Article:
Cornell Environmental Collaborative is the central coordinating organization of over 40 environmental clubs on campus. According to ECO co-facilitator Elizabeth Couse ’19, the Cornell community is making strides in the right direction, but since committing to a carbon neutrality by 2035 plan in 2008, the administration has so far targeted “low-hanging fruit,” like increasing energy efficiency in older buildings on campus.
“The administration likes to point at graphs and say that we’ve greatly decreased carbon emissions since 2008, but we still have a lot of work to do,” Couse said.
Audrey Stanton ’19, co-president of Society for Natural Resources Club, said Cornell should have the resources and capabilities to achieve more than it does now.
“Cornell has many sustainability-focused initiatives, though there is always room for growth,” Stanton said. “We are capable of achieving carbon neutrality, sourcing our energy from renewable options, investing and supporting consciously and reducing the amount of waste we produce.”
Although all other Ivy League schools have campus-wide sustainability initiatives and environmental clubs, none besides Cornell were honored in the Sierra Club’s Top 20 list. And in the Princeton Review’s top 50 rankings, Cornell’s STARS score also makes it the most sustainable Ivy school despite Cornell’s significantly larger student population and campus size.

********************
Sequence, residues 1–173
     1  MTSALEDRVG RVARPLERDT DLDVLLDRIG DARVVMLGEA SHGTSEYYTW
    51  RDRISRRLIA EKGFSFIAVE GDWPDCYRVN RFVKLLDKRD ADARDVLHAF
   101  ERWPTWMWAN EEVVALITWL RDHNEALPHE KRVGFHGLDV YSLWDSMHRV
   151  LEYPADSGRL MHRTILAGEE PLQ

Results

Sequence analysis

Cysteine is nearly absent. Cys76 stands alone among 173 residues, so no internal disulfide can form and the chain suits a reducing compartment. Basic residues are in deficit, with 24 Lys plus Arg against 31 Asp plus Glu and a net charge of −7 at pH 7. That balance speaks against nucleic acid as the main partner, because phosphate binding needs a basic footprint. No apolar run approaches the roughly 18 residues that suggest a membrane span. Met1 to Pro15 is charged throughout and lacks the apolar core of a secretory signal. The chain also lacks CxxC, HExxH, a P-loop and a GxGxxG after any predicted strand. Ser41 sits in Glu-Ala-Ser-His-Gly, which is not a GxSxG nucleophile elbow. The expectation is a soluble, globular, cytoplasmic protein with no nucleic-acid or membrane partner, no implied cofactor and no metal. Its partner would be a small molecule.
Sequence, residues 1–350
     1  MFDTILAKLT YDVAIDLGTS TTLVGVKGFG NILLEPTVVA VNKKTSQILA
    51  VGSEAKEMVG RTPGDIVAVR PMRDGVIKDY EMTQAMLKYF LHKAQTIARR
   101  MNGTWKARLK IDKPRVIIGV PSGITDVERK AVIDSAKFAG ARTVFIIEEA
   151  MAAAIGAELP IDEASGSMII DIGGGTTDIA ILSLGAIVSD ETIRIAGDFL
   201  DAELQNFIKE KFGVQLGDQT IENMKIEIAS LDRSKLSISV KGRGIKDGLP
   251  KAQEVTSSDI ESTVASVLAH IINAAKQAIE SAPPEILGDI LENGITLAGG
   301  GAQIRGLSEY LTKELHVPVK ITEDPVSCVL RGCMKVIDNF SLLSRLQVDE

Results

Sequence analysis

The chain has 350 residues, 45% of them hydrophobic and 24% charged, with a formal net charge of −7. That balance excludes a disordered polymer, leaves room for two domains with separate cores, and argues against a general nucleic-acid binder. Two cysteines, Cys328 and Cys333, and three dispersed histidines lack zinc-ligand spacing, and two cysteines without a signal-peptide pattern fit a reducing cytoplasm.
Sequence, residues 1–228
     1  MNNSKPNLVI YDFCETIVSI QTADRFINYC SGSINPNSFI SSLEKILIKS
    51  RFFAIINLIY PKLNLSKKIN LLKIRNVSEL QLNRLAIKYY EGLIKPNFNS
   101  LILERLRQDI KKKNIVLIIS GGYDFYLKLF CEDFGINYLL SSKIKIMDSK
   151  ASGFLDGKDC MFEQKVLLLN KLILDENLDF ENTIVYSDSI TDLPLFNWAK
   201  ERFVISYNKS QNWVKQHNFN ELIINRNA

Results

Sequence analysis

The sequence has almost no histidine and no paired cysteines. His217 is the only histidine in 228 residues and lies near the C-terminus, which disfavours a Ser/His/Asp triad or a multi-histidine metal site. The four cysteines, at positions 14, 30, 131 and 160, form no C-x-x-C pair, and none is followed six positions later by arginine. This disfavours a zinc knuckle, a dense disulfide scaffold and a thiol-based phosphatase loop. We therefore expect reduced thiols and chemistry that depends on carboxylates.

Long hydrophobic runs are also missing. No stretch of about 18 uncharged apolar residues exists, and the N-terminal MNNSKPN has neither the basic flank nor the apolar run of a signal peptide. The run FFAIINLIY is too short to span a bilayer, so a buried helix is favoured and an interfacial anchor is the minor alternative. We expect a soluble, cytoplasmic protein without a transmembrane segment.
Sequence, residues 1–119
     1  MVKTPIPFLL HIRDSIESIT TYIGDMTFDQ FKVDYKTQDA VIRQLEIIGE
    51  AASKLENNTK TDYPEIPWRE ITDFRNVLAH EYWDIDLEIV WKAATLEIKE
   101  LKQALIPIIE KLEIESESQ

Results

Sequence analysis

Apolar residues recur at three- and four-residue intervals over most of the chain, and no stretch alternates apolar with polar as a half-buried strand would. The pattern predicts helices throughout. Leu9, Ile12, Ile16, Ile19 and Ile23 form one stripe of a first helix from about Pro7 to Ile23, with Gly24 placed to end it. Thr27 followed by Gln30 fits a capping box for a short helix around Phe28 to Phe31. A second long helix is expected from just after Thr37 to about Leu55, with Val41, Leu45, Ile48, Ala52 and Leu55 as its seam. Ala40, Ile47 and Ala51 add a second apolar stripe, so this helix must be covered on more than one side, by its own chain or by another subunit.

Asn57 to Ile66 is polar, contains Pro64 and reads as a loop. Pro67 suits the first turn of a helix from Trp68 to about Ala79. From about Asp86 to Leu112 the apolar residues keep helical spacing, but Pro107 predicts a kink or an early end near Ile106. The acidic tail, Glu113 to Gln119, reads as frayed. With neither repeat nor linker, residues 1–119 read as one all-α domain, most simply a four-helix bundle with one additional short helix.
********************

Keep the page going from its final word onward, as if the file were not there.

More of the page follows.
In contrast, Brown University has an undergraduate student population of 6,988 and a Princeton Review Green Ranking of #47 out of 50 schools, compared to Cornell’s #8 spot with 14,907 students and 745 acres.
Brylinsky said that one of the major things Cornell students can do to advance sustainability is actually small, such as turning off lights when leaving the room or installing smart plugs. “On a campus this large, they make a difference,” she said.
Couse pointed to fossil fuel divestment, increasing local food sourcing and severing ties with funding corporations like Monsanto and Coca Cola as just some ways to work towards the radical carbon neutrality goal.
When asked how the University can most efficiently work towards the 2035 goal, Couse and Brylinsky mentioned greater collaboration between the administration, faculty and student body.
The President’s Sustainable Campus Committee and the Sustainable Campus Steering Committee is currently updating a Campus Sustainability Plan for 2016-26. The draft is available online for comments for a limited time to the Cornell community until it is finalized and put into action.
The Sierra Club acknowledged in their methodology review that none of the 20 schools in their ranking have reached 100 percent sustainability. “In 2018, the top-rated universities scored a solid B. In higher education, as in the rest of society, there is room for improvement.”
“Sustainability initiatives have always stemmed from the students and community, not the administration. I think that the University needs to improve their partnership between the administration and the students,” Couse said. “Change will not come fast enough if students have to continually push the administration. We need to work together.”